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SAI’s Livelihood Creation project is underway on the ground in India. The research project, supported by the Tata Trusts, aims to build knowledge and capacity around three key areas: rural livelihood creation (emphasis on the handicrafts and handloom sectors); educational, social and economic empowerment of women; and science and technology-based interventions for poverty alleviation.

By Shashank ShahProject Director

An artisan working on a brass product in Anwesha

An artisan working on a brass product in Anwesha

Last week our SAI Team continued its journey to interact with organizations that have made a difference in the crafts sector in rural India. We journeyed to East India, and covered the culture and handicrafts-rich states of Odisha and West Bengal. In this post, we share our experience in Odisha.

Odisha is the 9th largest state in India and 11th largest by population. It is known for its variety of temples and culture, handicrafts and handlooms. The field visits helped us understand the diversity and richness of crafts in the state.

The first visit was to Anwesha Tribal Arts and Crafts, an organization that started in 1990. It primarily works with the tribal people of Odisha in around 200 villages. As per the 2001 census, the scheduled tribes constitute 22.1 per cent of about 40 million, the total population of Odisha; and 9.7 per cent of the total Indian population. Given the complexities involved in working with the tribal populations of India, especially in terms of different dialects, customs, traditions, and also difficulty in terms of physical access to the interior tribal villages, some of which may be located in the midst of mountains and dense forests, this was a noteworthy geography that Anwesha has contributed to.

SAI team at Orupa

SAI team at Orupa

The organization has a whole range of items made of brass including jewellery boxes, lamps, statues of different Indian deities, necklaces, earrings, bracelets, etc. Brass work is a very complex craft as the artisans have to work with high temperatures to melt the metal and make intricate designs. Dambarudhar Behera, the Secretary of the Organisation, explained to the SAI team how Anwesha makes an impact on the tribal communities of Odisha. Our team bought some brass articles and earrings. It turned out to be a good deal as the prices were far reasonable when compared to similar articles in showrooms and shops!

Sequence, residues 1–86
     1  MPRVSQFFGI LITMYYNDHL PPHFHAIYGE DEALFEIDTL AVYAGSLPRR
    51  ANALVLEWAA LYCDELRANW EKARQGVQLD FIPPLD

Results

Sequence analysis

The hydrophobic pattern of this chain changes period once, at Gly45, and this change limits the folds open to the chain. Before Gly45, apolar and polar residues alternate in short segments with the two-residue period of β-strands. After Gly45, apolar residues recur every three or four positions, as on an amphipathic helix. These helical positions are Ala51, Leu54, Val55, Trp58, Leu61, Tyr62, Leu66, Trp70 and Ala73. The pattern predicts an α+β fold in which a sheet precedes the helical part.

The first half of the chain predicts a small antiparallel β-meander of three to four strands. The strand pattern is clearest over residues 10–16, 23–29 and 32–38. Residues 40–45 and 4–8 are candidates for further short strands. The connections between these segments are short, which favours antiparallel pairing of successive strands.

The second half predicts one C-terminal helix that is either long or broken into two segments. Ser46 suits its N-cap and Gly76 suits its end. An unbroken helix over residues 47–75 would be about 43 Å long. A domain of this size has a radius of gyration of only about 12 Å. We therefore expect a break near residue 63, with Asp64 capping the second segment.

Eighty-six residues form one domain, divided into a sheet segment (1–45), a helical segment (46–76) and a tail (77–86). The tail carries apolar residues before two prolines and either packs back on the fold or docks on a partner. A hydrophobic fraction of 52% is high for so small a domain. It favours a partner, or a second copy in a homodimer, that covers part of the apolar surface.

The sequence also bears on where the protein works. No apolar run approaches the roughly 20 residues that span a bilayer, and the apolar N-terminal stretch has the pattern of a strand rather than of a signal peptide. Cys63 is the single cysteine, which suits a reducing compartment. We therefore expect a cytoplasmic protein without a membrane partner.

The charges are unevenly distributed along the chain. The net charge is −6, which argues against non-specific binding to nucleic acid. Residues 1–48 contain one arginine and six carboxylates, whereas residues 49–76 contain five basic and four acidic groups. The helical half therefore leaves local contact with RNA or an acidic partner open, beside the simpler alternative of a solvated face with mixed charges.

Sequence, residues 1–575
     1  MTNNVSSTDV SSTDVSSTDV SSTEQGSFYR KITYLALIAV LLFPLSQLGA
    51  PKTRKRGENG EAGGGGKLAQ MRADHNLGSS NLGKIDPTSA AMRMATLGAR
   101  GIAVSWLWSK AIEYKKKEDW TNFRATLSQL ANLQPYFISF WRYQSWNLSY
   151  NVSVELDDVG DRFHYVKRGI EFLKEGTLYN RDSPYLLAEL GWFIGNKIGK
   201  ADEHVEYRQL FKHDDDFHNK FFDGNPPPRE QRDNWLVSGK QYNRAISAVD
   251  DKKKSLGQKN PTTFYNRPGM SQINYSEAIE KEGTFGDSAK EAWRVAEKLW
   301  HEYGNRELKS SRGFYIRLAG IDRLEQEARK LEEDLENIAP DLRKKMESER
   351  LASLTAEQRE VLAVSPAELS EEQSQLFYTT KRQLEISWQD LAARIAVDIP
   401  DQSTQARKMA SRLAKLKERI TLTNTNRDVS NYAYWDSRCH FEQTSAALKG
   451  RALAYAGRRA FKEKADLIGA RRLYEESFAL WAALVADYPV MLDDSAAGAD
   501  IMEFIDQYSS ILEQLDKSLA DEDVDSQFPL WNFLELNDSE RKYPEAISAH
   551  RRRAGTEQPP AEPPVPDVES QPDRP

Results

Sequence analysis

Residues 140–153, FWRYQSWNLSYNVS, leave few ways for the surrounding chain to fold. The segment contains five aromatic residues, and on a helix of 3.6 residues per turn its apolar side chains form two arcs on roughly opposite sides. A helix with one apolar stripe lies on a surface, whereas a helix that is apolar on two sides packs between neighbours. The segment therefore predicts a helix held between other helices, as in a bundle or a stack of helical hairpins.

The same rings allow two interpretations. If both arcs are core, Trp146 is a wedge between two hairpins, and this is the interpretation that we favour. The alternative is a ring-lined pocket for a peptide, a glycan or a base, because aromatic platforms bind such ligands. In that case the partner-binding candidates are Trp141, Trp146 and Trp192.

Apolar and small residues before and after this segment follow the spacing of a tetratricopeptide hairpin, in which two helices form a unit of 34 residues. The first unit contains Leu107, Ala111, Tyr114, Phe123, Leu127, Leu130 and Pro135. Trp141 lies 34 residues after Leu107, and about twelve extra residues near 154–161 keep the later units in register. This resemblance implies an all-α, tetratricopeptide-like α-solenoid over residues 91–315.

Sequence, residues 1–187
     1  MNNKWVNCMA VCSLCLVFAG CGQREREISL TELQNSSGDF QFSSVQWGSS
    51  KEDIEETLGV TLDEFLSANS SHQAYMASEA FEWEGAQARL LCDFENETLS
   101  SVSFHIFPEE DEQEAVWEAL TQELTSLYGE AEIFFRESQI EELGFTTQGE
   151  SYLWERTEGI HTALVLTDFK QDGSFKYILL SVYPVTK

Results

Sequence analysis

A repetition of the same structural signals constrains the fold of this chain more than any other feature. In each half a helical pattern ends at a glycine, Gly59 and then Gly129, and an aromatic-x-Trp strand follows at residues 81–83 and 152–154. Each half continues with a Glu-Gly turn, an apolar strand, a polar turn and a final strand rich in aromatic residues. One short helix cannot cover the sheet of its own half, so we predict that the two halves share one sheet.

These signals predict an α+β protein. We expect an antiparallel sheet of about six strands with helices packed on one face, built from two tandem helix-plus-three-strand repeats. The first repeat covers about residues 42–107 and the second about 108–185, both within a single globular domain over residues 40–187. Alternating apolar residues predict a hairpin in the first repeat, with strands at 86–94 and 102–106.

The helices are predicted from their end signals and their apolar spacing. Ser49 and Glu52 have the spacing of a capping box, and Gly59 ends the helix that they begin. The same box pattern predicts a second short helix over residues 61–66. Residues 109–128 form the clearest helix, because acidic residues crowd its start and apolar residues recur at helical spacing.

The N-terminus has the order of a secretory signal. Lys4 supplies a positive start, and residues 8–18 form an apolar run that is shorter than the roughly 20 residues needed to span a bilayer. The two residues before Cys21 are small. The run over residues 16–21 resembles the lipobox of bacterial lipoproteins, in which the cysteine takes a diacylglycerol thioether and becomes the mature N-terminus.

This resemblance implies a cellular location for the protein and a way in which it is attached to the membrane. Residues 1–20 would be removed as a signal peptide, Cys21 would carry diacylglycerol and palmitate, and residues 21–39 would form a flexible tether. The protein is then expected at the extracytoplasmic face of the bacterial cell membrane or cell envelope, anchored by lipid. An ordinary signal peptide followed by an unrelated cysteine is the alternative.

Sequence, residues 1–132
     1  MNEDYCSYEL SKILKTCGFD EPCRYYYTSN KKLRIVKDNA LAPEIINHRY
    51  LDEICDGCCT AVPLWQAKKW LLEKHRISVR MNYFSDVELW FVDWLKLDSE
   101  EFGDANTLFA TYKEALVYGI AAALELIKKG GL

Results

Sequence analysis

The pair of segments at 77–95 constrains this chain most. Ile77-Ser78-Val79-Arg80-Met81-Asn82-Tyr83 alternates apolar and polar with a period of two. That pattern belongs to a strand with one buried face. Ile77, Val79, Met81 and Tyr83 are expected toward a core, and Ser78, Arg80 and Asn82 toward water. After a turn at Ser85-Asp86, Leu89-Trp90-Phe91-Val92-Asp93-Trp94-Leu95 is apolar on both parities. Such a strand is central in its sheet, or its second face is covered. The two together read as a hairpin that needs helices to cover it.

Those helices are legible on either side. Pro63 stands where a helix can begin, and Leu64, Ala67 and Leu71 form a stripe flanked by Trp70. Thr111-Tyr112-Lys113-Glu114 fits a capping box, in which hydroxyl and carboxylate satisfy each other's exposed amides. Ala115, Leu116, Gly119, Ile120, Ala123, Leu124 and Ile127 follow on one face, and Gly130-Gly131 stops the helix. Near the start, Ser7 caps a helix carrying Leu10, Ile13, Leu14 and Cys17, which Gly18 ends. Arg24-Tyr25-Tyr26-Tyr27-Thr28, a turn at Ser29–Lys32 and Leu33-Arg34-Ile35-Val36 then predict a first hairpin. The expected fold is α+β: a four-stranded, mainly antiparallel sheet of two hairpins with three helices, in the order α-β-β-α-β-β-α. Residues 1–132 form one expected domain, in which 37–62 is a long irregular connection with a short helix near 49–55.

The second organization our team visited was Orissa Rural and Urban Producers’ Association (ORUPA), also founded in 1990. ORUPA works with artisans in all the 30 districts of Odisha. It is involved in a mind-boggling variety of arts, each having their own nuance, manufacturing process, resource requirements, and skill sets. Some of them include bamboo craft, coir work, lacquer work, silver filigree, stone carving, wooden toys, tassar painting, etc.

Given that Odisha has been blessed with an abundance of natural resources, most of the art and craft forms reflected the usage of these resources in innovative ways. Ashok Kumar Sahu, who has been with the Organization since its early years, explained to our team how the organization has made a difference in the lives of around 25,000 artisans since its inception. This is among the largest reach we have seen by a single organization in our visits so far. Benefiting a thousand new artisans consistently for over a quarter century speaks volumes of their commitment and scale of work. He further shared ORUPA’s plans of continuing its journey to help the rural artisans of Odisha in sustaining the rare art and craft forms for posterity.

Next week we’ll give you insights on our visits to the City of Joy – Kolkata, the capital city of West Bengal and a former capital of India during the British Rule.

Updates from the field: The craft sector in Southern India

Updates from the field: Livelihood Creation Project begins field visits in India